- The number of pacing statements that you need to use to be a master of influence is directly related to your existing level of rapport. Note that you can be in (or out) rapport using two separate criteria: 1. Personally; 2. Contextually. If rapport is non-existent using either criteria you need at least 3 pacing statements before you lead.
- The filter that determines our propensity to accept information on face value or not is called the Matcher/Mismatcher filter. People with a matching preference are those who look for what is true and correct, for what matches what they know to be true. People with a mismatching preference look for what is different to what they know to be true – where their reality is different to the presenter’s reality.
- To meet the needs of your stakeholder, avoid absolutes in your pacing statements such as “never”, “all”, “everyone”, “must”, “should” and use CABS instead: “or not”, “many”, “most”, “some”, “few”.
- Remember when it comes to persuasion, “No” is just feedback that you didn’t pace enough or properly. “Yes” is feedback that you did.
- It’s not about me, it’s all about the other party. It’s not about what you want to say or the way you want to say it, it’s not about how you want to stand, sit or move your body, and it’s definitely not about the PowerPoint slides you want to show. It’s all about your stakeholder and what they need to hear from you in order to understand your message and change their behaviour accordingly. Understand this and you’ll never be ‘nervous’ or lacking confidence as a communicator again.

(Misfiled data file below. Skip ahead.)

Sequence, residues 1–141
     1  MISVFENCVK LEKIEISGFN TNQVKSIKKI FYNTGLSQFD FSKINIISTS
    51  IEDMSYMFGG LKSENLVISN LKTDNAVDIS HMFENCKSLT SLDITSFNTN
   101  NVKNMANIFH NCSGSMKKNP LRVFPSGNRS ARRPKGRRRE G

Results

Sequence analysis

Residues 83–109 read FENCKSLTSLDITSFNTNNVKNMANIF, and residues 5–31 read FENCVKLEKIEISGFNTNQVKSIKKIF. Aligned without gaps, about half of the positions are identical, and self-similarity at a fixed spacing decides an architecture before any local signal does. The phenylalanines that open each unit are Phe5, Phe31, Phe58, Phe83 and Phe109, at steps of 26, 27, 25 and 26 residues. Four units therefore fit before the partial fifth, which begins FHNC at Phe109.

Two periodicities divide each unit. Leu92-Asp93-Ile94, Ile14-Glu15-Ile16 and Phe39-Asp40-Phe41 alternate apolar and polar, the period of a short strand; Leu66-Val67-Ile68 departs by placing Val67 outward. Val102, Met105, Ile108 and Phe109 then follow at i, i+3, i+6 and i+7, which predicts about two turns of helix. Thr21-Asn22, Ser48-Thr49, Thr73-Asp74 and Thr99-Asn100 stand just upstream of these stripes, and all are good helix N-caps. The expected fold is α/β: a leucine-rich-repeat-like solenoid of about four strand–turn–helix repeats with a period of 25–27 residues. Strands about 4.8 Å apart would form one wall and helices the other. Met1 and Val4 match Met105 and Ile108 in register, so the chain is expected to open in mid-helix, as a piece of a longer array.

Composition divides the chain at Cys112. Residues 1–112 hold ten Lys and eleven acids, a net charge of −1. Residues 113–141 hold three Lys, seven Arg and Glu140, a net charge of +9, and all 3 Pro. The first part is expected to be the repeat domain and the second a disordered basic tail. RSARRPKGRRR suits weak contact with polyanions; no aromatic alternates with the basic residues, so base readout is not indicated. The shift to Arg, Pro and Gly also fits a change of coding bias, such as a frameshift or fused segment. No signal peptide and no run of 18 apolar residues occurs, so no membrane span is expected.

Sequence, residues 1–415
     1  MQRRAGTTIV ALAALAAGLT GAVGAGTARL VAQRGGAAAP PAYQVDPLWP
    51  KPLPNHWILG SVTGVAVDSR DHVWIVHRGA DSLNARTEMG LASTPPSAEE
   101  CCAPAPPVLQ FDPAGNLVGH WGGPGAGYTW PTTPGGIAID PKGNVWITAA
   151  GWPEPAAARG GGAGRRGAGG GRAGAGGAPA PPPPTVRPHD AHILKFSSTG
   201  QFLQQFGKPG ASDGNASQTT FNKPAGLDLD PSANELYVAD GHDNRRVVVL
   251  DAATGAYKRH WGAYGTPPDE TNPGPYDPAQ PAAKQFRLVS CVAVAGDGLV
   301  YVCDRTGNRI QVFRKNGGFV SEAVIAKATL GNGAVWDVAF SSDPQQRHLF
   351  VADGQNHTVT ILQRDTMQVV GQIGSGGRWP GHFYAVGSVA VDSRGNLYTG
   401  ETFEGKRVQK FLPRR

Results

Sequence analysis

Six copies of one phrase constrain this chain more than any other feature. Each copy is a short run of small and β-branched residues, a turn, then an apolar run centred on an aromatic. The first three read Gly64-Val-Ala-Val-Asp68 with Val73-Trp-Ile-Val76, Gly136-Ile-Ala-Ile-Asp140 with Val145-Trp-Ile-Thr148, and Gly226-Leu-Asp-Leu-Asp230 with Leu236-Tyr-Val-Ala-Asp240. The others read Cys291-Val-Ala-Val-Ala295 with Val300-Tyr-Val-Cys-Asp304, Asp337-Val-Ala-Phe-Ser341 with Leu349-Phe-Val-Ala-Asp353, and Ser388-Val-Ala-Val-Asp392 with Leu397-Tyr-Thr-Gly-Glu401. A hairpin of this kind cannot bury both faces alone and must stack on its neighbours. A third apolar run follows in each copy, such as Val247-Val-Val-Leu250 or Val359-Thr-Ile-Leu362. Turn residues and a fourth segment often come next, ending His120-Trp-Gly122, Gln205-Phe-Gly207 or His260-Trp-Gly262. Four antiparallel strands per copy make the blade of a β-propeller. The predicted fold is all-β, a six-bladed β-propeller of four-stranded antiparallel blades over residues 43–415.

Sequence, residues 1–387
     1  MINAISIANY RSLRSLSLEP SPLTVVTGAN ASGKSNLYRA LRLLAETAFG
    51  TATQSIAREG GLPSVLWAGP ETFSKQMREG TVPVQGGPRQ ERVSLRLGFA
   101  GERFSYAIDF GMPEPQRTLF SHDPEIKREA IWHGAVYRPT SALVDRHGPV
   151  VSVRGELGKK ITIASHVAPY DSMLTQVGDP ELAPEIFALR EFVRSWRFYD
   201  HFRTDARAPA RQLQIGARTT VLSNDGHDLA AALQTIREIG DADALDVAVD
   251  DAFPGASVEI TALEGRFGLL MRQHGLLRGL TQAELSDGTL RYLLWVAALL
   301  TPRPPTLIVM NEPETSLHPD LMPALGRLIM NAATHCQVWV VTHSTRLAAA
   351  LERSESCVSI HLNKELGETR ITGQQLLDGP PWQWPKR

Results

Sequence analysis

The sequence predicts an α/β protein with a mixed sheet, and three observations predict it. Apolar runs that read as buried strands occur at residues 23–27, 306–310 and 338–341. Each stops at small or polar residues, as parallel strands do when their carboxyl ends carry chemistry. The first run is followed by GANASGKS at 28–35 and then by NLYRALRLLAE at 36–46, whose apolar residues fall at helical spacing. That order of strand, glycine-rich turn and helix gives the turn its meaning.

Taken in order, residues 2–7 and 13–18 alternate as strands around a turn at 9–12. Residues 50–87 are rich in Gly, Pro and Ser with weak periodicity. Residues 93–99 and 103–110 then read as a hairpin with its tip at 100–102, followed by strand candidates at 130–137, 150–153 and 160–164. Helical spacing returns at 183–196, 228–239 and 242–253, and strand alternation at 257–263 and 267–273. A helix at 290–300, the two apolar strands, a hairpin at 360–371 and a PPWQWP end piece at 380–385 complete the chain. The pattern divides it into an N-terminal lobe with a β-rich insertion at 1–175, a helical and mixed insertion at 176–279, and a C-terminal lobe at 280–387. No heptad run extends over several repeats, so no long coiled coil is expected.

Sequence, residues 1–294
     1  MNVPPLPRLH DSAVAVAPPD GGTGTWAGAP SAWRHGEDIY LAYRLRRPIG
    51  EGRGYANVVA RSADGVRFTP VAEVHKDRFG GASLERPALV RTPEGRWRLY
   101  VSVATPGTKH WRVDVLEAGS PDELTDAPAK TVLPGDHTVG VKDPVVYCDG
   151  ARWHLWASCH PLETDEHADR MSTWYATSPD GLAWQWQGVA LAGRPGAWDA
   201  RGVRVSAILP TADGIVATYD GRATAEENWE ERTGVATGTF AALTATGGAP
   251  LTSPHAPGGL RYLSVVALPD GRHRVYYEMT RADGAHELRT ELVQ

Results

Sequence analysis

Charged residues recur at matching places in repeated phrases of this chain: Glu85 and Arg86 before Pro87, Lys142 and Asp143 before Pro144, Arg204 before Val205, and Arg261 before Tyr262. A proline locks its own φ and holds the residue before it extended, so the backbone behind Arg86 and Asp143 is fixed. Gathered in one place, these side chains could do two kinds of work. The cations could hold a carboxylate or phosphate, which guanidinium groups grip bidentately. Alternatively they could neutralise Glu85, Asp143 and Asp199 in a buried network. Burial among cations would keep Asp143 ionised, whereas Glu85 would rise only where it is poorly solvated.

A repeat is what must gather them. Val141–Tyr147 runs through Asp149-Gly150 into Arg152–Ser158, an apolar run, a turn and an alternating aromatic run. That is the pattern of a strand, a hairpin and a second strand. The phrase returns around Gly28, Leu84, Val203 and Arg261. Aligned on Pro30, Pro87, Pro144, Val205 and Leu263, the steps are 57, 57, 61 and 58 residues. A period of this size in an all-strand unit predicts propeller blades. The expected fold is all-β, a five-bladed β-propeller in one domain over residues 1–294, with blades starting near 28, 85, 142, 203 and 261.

- There are three main types of objections: content, personal and logistics. It’s best to manage most objections BEFORE they are raised. We manage objections with the POO technique. POO stands for: Pacing Out Objections.
- There are 5 steps to the POO technique: state the objection; say ‘and’, ‘so’ or pause and say nothing, then say ‘actually’ or ‘in fact’, lead to a solution, and finally use the clever word ‘because’ with a meaningful reason.
- Be careful of saying ‘But’, ‘However’, ‘Alternatively’, ‘Although’ because they all negate what you have just said and activate the fight/flight response in the stakeholder and incite them to fight you! Choose to say “and”, “so”, or just pause and say nothing.
- As you can’t always foresee every single objection that could be raised, you can also use the POO technique for managing objections when they are raised.
I know you know this, it’s not rocket science, so take the time to plan your meetings in advance, analyse your performance at the conclusion of every meeting and continuously strive to be an expert communicator who masters the craft of persuasive communication.
For more tips on persuading, presenting, and communicating at work go to www.michellebowden.co.au and subscribe to her FREE magazine called How to Present.
To complete the PRSI please click on the following link: https://www.forepsyte.com/studies/pers